happy-rabbit.jpgIf you have been around the social space at all lately, you are bound to have heard of Mixx.

To put it into context, it’s a sort of cross between Digg, LinkedIn and MyYahoo. In a nutshell, its a social network that lets you find and share news based on your interests and location.

Even before Mixx launched, it received quite a bit of hype and some even suggested it might grow to replace the social media powerhouse Digg.

So based on all the coverage Mixx had received, including some personal recommendations from some Mixx advocates, we wanted to give it a fair shot and test it out.

I think it is important to point out that as a marketer, you are looking to find a way to use social media as a platform to give your content or sites a large amount of visibility in a short time. Although participating in a community that you enjoy is a nice bonus, it is not a priority or a requirement to be successful in social media as a marketer.

The above understanding is what I went with when testing out the site, and this article does not reflect whether or not I personally like the site structure, design, and functionality, which as a marketer, I could care less about.

Test Case 1:

On November 23, 2007, we submitted this story, Kegadoru: Injured Idol Fetish, to Mixx. http://www.mixx.com/stories/16356/. This was submitted on a weekday morning and went to the front page quickly.

Mixx sent 147 UVs to the site over a 7 day period.

The same article was submitted to Digg, where it received only 56 votes and did not make the front page.
Digg sent 89 UVs to the site over a 7 day period.

Google sent 265 UVs, UniqueDaily.com sent 1,289, and StumbleUpon sent 2,239 during that same period of time.

sad-trix.jpgNeedless to say, I was not overly impressed with the results we got from a front page story and decided to give up on Mixx for the time being and give it a few months to grow and mature.

Brian Wallace remarked that since my initial test of Mixx, there had been an increase in traffic and activity. TechCrunch also mentioned that Compete was showing traffic on Mixx to be rising dramatically. I decided that maybe a second look at Mixx was in order.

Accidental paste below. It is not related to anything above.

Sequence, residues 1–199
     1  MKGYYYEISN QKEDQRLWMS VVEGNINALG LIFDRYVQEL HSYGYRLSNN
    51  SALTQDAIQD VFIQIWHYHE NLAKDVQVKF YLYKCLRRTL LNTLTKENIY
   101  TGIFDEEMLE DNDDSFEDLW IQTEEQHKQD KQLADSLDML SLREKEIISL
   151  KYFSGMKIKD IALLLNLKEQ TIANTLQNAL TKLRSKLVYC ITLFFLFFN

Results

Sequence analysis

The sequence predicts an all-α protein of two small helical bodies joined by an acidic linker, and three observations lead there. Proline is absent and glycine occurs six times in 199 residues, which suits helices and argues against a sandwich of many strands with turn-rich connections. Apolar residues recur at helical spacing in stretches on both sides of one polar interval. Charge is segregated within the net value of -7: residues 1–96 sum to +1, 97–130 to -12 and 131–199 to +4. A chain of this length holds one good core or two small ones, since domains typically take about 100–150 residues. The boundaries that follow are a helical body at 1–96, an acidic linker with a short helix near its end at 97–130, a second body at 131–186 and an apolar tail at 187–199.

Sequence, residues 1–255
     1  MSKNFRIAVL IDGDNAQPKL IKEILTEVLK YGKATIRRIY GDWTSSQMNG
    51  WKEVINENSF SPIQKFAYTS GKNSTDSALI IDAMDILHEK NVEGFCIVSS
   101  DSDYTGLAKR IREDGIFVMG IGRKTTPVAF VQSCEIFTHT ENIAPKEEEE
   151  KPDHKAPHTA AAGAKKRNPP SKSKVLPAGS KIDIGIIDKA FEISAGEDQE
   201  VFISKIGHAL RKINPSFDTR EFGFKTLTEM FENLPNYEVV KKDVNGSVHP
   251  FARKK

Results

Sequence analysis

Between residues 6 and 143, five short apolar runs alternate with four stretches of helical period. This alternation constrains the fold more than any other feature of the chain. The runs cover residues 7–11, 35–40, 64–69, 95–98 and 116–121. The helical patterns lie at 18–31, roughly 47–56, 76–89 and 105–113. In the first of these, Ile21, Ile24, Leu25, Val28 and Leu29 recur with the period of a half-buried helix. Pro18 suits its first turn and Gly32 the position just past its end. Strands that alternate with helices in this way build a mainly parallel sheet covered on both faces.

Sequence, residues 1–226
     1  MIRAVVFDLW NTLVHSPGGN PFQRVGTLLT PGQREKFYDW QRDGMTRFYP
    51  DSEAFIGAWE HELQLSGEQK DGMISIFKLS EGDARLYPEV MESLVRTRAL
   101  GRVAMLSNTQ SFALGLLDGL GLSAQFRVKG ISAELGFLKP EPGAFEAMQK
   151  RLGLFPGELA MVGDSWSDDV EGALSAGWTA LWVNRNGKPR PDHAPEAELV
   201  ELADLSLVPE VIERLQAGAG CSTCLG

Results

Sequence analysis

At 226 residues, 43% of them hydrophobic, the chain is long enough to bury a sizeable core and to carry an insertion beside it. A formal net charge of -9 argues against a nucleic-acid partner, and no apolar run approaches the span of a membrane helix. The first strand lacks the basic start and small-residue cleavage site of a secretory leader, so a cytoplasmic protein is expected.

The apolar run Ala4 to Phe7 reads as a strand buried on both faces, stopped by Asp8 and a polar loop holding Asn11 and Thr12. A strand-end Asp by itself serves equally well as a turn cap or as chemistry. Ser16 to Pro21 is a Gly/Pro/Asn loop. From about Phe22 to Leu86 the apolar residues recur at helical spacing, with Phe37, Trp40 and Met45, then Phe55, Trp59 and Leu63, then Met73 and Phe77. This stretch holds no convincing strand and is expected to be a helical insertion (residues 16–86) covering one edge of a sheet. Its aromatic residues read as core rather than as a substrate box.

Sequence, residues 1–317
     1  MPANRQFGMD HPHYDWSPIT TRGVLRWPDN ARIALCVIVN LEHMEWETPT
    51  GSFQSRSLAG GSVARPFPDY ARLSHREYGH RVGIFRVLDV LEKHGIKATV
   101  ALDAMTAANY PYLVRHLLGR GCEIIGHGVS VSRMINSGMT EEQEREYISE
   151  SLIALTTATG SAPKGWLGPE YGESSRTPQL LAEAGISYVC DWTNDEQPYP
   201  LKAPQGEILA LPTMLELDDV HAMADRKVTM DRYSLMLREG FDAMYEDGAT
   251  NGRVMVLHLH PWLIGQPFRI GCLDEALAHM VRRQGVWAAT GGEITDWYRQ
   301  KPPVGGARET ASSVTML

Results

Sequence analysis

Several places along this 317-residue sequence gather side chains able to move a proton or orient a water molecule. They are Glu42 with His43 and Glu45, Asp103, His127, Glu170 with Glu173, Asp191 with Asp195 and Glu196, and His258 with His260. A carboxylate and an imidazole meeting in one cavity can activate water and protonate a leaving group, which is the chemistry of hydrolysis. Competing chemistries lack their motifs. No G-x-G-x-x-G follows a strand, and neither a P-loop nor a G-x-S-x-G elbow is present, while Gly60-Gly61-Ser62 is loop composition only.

Luckily a friend of mine Chris Winfeild, President of 10e20 and social media expert, was also testing out Mixx and was kind enough to share his results, giving us our second look at Mixx.

Test Case 2:

Around January 2, 2008, Chris’s article, Why Social Marketing is Critical to the Internet Marketing Mixx, was submitted to Mixx. http://www.mixx.com/stories/49836/. This article also made it quickly to the front page with69 votes, which is a ton for Mixx.

Mixx sent 43 UVs to the site.

Again, the results clearly indicate, from a marketers’ point of view, using Mixx does not justify the time and energy spent. With over a hundred social media communities and sites to choose from, you should probably pass on using Mixx for marketing purposes.

However, I am hopeful that more people will find Mixx to be a community they want to participate in, so that at some point, it will become a viable solution for social media marketing, but until that day comes… I will stay out of the Mixx.

**Traffic is used in this article only as a metric to gauge activity. The real value in social media is not through conversions or traffic, although that might be your ROI metric, but rather the value is in the links you can get from the mass exposure your content receives.

Links result in better search rankings and higher quality, second tier, traffic from sites you are being linked from.